Depending on climate water can be as valuable as gold. Under certain conditions, it can be even more so valuable. Water is essential to life and crucial for regular consumption, bathing, irrigation of crops; it is truly the lifeblood of civilization. If it was for the fertile banks of the Nile river or the rich and saturated soils of the fertile crescent (Tigris and Euphrates) rise of Egyptian and Mesopotamian empires would have never been possible. Water rights for Native Americans have in recent decades become a crucial touchpoint in the federal guardianship dynamics between the tribes and the U.S. government. While rights to water source appropriation generally fall under either riparian or appropriative conditions, how this is applied to Indian Tribes is slightly more complicated. A running motif that is common throughout American Indian Law. Despite the immense amount of complexity facing Indian water rights, considering it is a life-sustaining resource such matters must be sorted out.
Standard Water Rights For Non-Indians:
As mentioned above, water rights traditionally have fallen into one of two legally recognized categories. This includes riparian and appropriative rights to non-navigable bodies of water for consumption purposes. Riparian water rights tend to be applied in the “water abundant” regions of the United States. Particularly the Eastern seaboard of the United States. Under riparian water rights, owning land or property that borders on a lake or a stream enables the right of the owner to “reasonable use” (p.277). The right to use is directly connected to land ownership. During times of drought the quotas for consumption among the entitled appropriators are reduced proportionately (p.227). Under the conditions of appropriative water rights, the entitlement to water utilization is not tied to ownership of surrounding lands. It is connected to whoever first can put the water to beneficial use. First come, first serve to harvest dynamic. This variety of water rights determination evolved in the western United States back when most of the land was federally owned. Mines were generally constructed far away from usable water sources meaning that transportation of potable water was costly (p.278). Resulting in the development of a first use policy to ascertain the primacy of water rights. Meaning that “… water rights are not appurtenant to the land…” (P.278). Making precise dates of water appropriation extremely important. Older appropriators possess a greater deal of certainty in the right to utilize water from a specific source (p.278).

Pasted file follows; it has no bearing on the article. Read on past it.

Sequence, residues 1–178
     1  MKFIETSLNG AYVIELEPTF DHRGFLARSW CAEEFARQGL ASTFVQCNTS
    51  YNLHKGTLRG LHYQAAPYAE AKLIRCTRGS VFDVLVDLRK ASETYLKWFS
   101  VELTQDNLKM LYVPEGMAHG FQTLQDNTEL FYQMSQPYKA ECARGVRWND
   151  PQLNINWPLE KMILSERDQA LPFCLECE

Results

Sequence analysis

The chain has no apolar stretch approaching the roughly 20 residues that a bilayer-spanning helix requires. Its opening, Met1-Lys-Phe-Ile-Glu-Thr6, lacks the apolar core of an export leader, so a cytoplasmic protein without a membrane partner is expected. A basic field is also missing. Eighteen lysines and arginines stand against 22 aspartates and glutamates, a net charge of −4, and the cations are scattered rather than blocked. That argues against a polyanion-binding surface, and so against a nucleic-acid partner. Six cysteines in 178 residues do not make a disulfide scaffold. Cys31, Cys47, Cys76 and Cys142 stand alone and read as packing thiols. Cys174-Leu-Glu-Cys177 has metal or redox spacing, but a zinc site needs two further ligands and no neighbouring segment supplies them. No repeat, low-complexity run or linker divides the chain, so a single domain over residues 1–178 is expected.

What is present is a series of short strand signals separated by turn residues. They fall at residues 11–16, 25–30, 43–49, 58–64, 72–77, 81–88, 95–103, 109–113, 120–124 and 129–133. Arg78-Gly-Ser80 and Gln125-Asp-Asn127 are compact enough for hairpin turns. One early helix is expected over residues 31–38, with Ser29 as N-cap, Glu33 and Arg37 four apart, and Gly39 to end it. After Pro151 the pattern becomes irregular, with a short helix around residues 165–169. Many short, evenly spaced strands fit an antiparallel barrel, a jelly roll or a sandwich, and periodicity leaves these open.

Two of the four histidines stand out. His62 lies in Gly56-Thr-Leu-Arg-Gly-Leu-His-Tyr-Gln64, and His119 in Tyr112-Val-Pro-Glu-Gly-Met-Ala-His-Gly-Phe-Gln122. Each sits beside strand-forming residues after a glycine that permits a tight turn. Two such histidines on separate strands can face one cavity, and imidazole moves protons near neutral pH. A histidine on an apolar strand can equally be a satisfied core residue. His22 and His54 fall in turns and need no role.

Law governing water rights tend to be formulated by the federal government and shaped by “local custom” (P. 279). Congress adapts legislation so that it conforms to the customs and historical practices of the region. This tends to be reflected in laws such as the Desert land Entries Act (1877) and 43 U.S.C.A Sec. 321-25 (p.279). Appropriative have been applied to the non-navigable bodies of water in CA, OR, WA, NV, AZ, NM, ND, SD. While the framework for these laws has been formed in federal law it is generally governed by state law. An example being California Oregon Power Co. V. Beaver Portland Cement (1935) (p. 279). How the states handle water rights varies dramatically state by state. Colorado is a 100 % appropriative system. California and Oregon are mixed systems. The priority of use and “periods of non-use resulting in forfeiture…” of rights varies by states (p. 179).
Development of the Winters Doctrine
The basis for tribal water rights evolved out of two cases which have resulted in the contextual rules that are now known as the Winters Doctrine. The first case that provided the foundation of this legal doctrine was Winters V. United States (1908). The Fort Belknap Reservation in Montana was created based upon an agreement. In the middle of the geographical territory of the reservation ran the Milk River. When the land was set aside for the reservation nothing was detailed regarding water rights. Then non-Indian settlers began building dams with was disrupting water usage on the reservation. The Supreme Court ended up ruling that the water rights for the reservation were held by the 1888 agreement allotting to the tribe. Treating the right to water usage part and parcel with having the reservation established near a natural body of water (p. 280).
The second case further developing the scope and parameters of the Winters Doctrine came decades later in 1963. This came in the ruling of Arizona V. California (1963). The issue became the U.S. government attempted to establish water rights for tribes residing near the lower Colorado river by executive order. The court held that at the time of the establishment of these settlements water rights were established. Complaints among non-Indian settlers came about the quantity of water allotted to the natives. Citing a sparse Indian population in the “foreseeable future” (p.281). This was rejected on grounds by the SCOTUS that the reservation was “entitled to enough water to practicably irrigate every acre of the reservation” (p.281).
Conclusions of the Winters Doctrine (Winters Rights) (p.282)
“ 1. Winters’ rights are creatures of federal law, which defines the extent.
2. Establishment of reservation by treaty, statute, or executive order implies reservation of water rights within the boundaries of tribal land.
3. The water rights are reserved as the date of creation of the applicable portion of the reservation. Competing users with prior appropriation dates under state law take precedence over the Indian rights, but those with later dates are subordinate.
4. The quantity of water reserved for Indian use is that amount sufficient to irrigate all the practicably irrigatable acreage of the reservation.
5. Winters’ rights are not lost by non-use”.